Voice teachers and singers understand that physical posture directly affects the quality of the singing voice.  Posture is usually addressed in the first voice lesson, and in this age of more casual stances, singers typically need numerous reminders about this issue.

In my first years of voice teaching, I often noticed the slumped and rounded shoulders of my musical theatre singers. Their physicality could be fixed by suggestions such as “stand up straight,” “shoulders back,” and “keep the sternum lifted.” Proper alignment usually appeared, and overall singing ability improved.

Millennial Forward Head Posture 

However, in the past few years, I realized that those suggestions of “shoulders back” were no longer completely effective. Although the shoulders moved back into alignment, the head was still jutting forward. To address this more forward head posture, I started using the phrase, “put your ears back over your shoulders.” This phrase worked! With this simple suggestion, singers were able to correct the alignment of their heads. And in most cases, the singing voice improved, especially in perceived ease and pitch accuracy of singing high notes. (Which is, of course, often a main goal for a musical theatre singer!) But I was baffled with this new and different posture of the millennial generation.

Searching for a Cause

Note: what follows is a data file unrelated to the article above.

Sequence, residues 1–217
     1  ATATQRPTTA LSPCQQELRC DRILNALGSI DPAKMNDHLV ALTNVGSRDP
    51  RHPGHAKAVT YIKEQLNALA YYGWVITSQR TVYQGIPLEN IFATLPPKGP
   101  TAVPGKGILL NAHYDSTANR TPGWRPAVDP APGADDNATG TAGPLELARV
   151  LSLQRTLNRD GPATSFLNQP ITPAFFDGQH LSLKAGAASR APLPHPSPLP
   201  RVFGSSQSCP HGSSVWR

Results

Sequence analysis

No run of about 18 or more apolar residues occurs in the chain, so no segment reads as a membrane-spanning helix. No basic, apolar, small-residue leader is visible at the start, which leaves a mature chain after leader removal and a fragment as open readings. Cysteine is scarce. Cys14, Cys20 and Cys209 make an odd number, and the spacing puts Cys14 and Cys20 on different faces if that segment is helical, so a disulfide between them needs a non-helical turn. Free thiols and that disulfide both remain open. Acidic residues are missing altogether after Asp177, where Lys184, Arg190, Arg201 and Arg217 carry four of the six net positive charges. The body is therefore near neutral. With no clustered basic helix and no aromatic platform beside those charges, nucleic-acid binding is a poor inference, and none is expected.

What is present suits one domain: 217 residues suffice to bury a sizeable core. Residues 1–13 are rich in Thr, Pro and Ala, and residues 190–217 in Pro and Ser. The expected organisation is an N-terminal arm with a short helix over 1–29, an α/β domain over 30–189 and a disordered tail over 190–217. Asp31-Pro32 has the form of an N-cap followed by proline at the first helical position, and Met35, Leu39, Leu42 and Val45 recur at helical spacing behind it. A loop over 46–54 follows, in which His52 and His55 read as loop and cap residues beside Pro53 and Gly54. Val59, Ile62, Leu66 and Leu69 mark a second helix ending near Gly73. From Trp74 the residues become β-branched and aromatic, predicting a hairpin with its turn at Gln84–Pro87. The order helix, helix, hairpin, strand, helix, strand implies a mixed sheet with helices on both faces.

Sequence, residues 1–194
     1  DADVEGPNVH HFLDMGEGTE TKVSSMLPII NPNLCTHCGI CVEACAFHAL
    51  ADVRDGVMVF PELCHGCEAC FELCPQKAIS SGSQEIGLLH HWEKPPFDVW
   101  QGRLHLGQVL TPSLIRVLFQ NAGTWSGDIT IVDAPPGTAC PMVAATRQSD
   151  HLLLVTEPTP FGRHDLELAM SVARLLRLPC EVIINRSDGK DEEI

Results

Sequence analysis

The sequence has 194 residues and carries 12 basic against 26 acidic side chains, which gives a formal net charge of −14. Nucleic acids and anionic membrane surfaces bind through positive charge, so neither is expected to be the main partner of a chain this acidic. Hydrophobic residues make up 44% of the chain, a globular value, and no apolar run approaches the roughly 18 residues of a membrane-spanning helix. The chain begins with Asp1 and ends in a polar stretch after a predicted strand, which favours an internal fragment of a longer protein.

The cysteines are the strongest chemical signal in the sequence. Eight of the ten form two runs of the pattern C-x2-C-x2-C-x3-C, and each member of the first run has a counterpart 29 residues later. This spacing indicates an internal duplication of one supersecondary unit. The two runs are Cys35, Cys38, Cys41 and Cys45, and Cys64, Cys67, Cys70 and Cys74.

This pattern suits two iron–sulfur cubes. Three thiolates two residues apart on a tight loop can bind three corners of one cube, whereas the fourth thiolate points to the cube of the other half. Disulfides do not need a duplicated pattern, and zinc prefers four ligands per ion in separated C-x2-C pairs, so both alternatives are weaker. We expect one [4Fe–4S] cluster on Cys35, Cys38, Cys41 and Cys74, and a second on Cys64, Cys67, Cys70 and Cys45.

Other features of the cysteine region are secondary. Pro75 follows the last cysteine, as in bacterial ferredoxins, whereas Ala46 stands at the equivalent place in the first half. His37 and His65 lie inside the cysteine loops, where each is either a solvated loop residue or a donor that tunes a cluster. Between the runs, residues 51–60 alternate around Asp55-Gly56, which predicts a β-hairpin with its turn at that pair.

I also had experienced a more forward head posture at one point of my singing career.  Right after having my first child, I started to prepare for an upcoming vocal recital.  When returning to my standard repertoire, I found that I could no longer produce my belt sound with the same ease and consistency.  A “belter by birth,” I found this change in technique extremely troubling.  After several weeks of no improvement, I flew up to New York to have a voice lesson with my teacher to see if she could help me.  After hearing me sing, she told me to fix my posture. On cue, my shoulders rolled back into place. But apparently, my head did not.  She adjusted that new physicality, and suddenly, I was able to belt again. Truly, an easy, quick, and physical adjustment was all it took.  But we began discussing why my posture had changed, and decided it was most likely due to the fact that I spent most of my day looking down at my baby. Looking down as I held her. Looking down as I fed her. Looking down at her stroller. Problem solved!  So, although I was aware of how to address the forward head posture of my musical theatre students, based on my own experience with the physicality, I was pretty sure that it was not caused by them looking down at their newborn children!